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Mar 31, 2012 01:37 PM

White Wine

I'm a red wine drinker, so consequently know little about the whites. I need several bottles for a get-together. What would you suggest in the $15/bottle category?

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  1. Gail, are you thinking standalone as in a "cocktail party" setting, with apps or individual dinner courses? The context would be most helpful. Also, mainstream (e.g. Chard, Sauv Blanc, Pinot Grigio) or some of the lesser known/appreciated grapes and blends?



    4 Replies
    1. re: PolarBear

      Hi Dave!
      This will accompany a casual potato salad, fruit salad, cole slaw and sandwiches from Max's luncheon. The wine should be kept simple, straight forward. The guests are not wine afficionados. I just want something pleasant.

      1. re: Gail

        There are several blends we've really enjoyed lately that would work nicely for you I believe. The Grape Tray still had the Pine Ridge Chenin Blanc/Viognier last I looked for @ 11/btl. I've been waiting for Sam's Deli to get more of the Tine's White from McNabrige (the Parducci family) so I can grab a case, a steal at under $10, iirc.

        Sam's also carries two other favorites at around the $10 price point, Clayhouse Adobe White, and really great one from South Africa that I thought was called Indara, but I can't seem to get a search to bring it up, go in and ask D'Arcy or Devon.

        If you try any of them, let us know what you thought.



        1. re: PolarBear

          Thanks, Dave. The chenin blanc sounds perfect. The Grape Tray is quite close to me too. Appreciate your efforts with the info.

          1. re: Gail

            Tell Stan I sent you, he might have another suggestion or two, maybe even give you a little discount.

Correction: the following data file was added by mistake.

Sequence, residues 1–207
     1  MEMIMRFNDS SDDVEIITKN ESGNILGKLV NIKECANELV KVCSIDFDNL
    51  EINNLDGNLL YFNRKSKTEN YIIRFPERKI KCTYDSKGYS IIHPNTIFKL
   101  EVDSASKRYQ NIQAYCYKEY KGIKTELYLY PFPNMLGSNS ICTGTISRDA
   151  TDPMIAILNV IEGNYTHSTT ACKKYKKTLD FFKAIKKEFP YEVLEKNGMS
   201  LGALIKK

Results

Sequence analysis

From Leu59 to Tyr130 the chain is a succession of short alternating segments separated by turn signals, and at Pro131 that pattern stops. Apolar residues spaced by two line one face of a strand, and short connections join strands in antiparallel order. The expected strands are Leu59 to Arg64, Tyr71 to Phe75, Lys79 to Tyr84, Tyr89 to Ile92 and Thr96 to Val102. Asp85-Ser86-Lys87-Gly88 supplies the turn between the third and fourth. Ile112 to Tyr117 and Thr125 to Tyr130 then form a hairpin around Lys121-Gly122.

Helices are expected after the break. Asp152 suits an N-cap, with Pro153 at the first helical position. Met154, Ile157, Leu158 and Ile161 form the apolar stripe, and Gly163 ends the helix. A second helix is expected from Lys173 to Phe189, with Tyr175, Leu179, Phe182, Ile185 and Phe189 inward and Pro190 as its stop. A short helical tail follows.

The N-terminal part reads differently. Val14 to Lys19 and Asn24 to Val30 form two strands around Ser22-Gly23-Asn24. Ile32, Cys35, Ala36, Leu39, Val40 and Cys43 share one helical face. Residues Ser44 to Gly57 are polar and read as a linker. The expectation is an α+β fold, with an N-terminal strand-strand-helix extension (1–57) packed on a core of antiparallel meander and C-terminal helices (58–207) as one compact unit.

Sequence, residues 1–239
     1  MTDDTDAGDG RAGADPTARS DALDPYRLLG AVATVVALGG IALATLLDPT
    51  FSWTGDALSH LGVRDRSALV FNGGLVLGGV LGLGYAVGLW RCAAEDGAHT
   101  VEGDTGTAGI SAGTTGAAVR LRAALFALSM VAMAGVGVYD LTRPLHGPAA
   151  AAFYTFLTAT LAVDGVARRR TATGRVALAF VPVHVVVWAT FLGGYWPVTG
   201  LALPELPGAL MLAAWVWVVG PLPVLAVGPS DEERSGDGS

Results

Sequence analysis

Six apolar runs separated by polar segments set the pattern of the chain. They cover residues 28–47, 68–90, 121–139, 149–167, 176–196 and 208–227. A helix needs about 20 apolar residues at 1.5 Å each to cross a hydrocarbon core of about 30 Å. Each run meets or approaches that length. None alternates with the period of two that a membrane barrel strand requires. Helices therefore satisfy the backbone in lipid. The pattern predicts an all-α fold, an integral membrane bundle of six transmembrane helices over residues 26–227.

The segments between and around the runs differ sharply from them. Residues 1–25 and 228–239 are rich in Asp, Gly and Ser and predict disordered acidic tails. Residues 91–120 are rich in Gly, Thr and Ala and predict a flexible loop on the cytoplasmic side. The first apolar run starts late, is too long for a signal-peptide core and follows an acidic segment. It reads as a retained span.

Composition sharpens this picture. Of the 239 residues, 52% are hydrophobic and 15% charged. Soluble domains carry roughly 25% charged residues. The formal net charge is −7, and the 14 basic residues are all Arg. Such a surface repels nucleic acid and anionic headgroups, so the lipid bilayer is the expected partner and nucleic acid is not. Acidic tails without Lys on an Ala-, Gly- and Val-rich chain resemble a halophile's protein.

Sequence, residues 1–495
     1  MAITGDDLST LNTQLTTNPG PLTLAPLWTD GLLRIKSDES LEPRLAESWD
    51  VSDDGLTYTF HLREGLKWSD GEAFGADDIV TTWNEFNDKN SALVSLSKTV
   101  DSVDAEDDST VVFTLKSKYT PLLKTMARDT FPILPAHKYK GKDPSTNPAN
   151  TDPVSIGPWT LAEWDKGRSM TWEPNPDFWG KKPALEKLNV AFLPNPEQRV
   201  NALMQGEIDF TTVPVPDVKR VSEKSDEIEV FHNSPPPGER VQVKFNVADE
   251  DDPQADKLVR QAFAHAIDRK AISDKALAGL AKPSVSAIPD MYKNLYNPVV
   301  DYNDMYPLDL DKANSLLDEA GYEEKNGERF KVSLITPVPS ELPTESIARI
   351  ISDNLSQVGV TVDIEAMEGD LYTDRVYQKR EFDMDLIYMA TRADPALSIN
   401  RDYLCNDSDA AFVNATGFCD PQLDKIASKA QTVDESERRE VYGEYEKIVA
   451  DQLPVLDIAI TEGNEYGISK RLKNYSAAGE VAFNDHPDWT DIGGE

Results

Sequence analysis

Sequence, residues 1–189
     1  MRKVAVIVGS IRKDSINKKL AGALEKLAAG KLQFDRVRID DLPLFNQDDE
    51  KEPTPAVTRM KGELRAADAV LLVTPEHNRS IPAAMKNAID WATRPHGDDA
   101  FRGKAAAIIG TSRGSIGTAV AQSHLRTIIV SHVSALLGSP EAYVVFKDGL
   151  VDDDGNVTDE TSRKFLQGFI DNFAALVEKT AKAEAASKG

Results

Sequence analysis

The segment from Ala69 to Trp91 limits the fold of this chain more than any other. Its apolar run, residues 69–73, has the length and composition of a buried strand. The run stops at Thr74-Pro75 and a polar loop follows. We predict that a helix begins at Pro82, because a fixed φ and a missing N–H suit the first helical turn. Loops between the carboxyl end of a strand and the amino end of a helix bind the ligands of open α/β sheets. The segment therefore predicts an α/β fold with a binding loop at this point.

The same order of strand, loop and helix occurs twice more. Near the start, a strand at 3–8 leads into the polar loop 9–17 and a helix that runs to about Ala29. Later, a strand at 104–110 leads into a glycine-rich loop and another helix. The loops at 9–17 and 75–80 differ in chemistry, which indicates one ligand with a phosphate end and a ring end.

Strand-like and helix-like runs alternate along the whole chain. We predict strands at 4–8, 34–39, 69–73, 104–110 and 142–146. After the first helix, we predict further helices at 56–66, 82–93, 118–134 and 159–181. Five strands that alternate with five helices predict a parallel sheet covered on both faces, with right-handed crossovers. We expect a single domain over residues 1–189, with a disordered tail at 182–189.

2. Stick to well known wine varietals from well known areas. Sauvignon Blancs and Chardonnay. New Zealand, California, or France.

      1. without knowing preference of others - i go with inbetween choices - my first preference for white is sauvigon blanc but for parties and a group I go with either pinot grigio or my new favorite albarino - I find that my friends that like chardonnay or sb all like the pinot griogio and albarino.

        4 Replies
        1. re: winepoet

          Intriguing that you've found great crowd pleasing hits with Pinot grigio. I find the average, run of the mill pinot grigio, highly acidic and would assume those who like a softer, plusher wine would not be the biggest fan.

          Do you have any specific recs for Pinot Grigio in this price range? Always looking out for a wine to change my mind about a varietal.

          1. re: goldangl95

            Picked up a couple of bottles of Tangent Pinot Gris at the Baileyana tasting room outside of Edna on the central coast a week ago. Went nicely with some spicy Sichuan dishes and later with oysters and clam linguine. $17/btl iirc.

            1. re: goldangl95

              I find the "average, run-of-the-mill Pinot Grigio to be more like water than wine. :( Decent ones (imho) include Kris and Alois Lageder.

              For white wine to go with Gail's menu, I'd like a Chenin blanc -- a little softer than Sauv B. There are some tasty, moderately priced CBs coming from South Africa. (PolarBear, would that South African wine you're trying to think of be Indaba?)


          2. I recently had a great white wine purchased at Trader Joe's. It's called Tres Pinos and it is a blend of Chardonnay, Sauvignon Blanc, Gewurtztraminer and Viognier. Quite a well done blend, fruity flavor, slightly sweet and very floral in aromatics. A great drink for novices, plus enthusiasts get to play the "guess the varietals" game. Just $5 dollars a bottle -- truly a bargain.

            2 Replies
            1. re: Tripeler

              I haven't tried that but it sure sounds like a winner for a party. The wines I've served that have received the most guests comments have been viognier and Gewurtz. (i think lots of people have never had a Gewurtz that wasn't cheap and sweet) . I also love NZ Sauv. Blanc's, but I've had a red-wine drinker hate my favorite (3 Brooms), so who knows?

              FWIW,I have never been served a wine labled Pinot Grigio that I could even stand to finish the glass. On the other hand I've had several Pinot Gris that I really like. Same grape...different winemaking styles I'm told. ???

              1. re: danna

                Different wine making styles, different areas of the world. In Europe, the distinction would mean something, but if a winemaker in say, Canada, decides to label something Pinot Grigio or Pinot Gris I'm not sure what you can tell....

                Agreed that the average Pinot Grigio one can find (say in the $10-15 range in grocery stores, BevMo) type places, is often barely palatable. Very acidic and thin.